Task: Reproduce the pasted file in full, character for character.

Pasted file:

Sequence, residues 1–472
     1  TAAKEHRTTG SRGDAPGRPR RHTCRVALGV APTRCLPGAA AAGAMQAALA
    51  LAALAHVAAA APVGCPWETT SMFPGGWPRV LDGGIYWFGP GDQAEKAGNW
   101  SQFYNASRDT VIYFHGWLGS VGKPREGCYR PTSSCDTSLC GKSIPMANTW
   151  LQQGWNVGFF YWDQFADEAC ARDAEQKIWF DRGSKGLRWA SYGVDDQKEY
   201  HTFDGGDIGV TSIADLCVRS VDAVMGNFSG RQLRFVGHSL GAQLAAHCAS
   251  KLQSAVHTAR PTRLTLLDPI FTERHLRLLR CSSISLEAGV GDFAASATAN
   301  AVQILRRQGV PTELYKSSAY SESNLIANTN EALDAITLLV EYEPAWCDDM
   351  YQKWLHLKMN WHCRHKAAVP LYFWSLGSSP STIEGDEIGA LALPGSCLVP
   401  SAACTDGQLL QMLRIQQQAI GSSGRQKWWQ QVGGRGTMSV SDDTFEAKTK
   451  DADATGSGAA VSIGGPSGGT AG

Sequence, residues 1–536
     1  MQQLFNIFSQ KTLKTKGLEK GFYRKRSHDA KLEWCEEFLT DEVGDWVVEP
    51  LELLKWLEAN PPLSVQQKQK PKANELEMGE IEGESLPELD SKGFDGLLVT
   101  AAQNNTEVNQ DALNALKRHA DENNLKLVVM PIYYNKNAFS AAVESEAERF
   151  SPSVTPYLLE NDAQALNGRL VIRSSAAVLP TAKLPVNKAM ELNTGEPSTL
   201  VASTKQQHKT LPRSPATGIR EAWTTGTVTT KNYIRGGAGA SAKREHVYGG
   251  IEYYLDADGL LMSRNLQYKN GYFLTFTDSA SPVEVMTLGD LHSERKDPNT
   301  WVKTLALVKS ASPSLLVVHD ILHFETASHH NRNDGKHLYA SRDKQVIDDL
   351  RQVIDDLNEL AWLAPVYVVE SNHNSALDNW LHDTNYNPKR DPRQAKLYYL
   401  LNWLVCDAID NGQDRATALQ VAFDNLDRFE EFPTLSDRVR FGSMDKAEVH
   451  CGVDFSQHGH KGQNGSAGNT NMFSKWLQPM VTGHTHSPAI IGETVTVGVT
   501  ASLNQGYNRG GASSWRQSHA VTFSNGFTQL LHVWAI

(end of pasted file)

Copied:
Sequence, residues 1–472
     1  TAAKEHRTTG SRGDAPGRPR RHTCRVALGV APTRCLPGAA AAGAMQAALA
    51  LAALAHVAAA APVGCPWETT SMFPGGWPRV LDGGIYWFGP GDQAEKAGNW
   101  SQFYNASRDT VIYFHGWLGS VGKPREGCYR PTSSCDTSLC GKSIPMANTW
   151  LQQGWNVGFF YWDQFADEAC ARDAEQKIWF DRGSKGLRWA SYGVDDQKEY
   201  HTFDGGDIGV TSIADLCVRS VDAVMGNFSG RQLRFVGHSL GAQLAAHCAS
   251  KLQSAVHTAR PTRLTLLDPI FTERHLRLLR CSSISLEAGV GDFAASATAN
   301  AVQILRRQGV PTELYKSSAY SESNLIANTN EALDAITLLV EYEPAWCDDM
   351  YQKWLHLKMN WHCRHKAAVP LYFWSLGSSP STIEGDEIGA LALPGSCLVP
   401  SAACTDGQLL QMLRIQQQAI GSSGRQKWWQ QVGGRGTMSV SDDTFEAKTK
   451  DADATGSGAA VSIGGPSGGT AG

Sequence, residues 1–536
     1  MQQLFNIFSQ KTLKTKGLEK GFYRKRSHDA KLEWCEEFLT DEVGDWVVEP
    51  LELLKWLEAN PPLSVQQKQK PKANELEMGE IEGESLPELD SKGFDGLLVT
   101  AAQNNTEVNQ DALNALKRHA DENNLKLVVM PIYYNKNAFS AAVESEAERF
   151  SPSVTPYLLE NDAQALNGRL VIRSSAAVLP TAKLPVNKAM ELNTGEPSTL
   201  VASTKQQHKT LPRSPATGIR EAWTTGTVTT KNYIRGGAGA SAKREHVYGG
   251  IEYYLDADGL LMSRNLQYKN GYFLTFTDSA SPVEVMTLGD LHSERKDPNT
   301  WVKTLALVKS ASPSLLVVHD ILHFETASHH NRNDGKHLYA SRDKQVIDDL
   351  RQVIDDLNEL AWLAPVYVVE SNHNSALDNW LHDTNYNPKR DPRQAKLYYL
   401  LNWLVCDAID NGQDRATALQ VAFDNLDRFE EFPTLSDRVR FGSMDKAEVH
   451  CGVDFSQHGH KGQNGSAGNT NMFSKWLQPM VTGHTHSPAI IGETVTVGVT
   501  ASLNQGYNRG GASSWRQSHA VTFSNGFTQL LHVWAI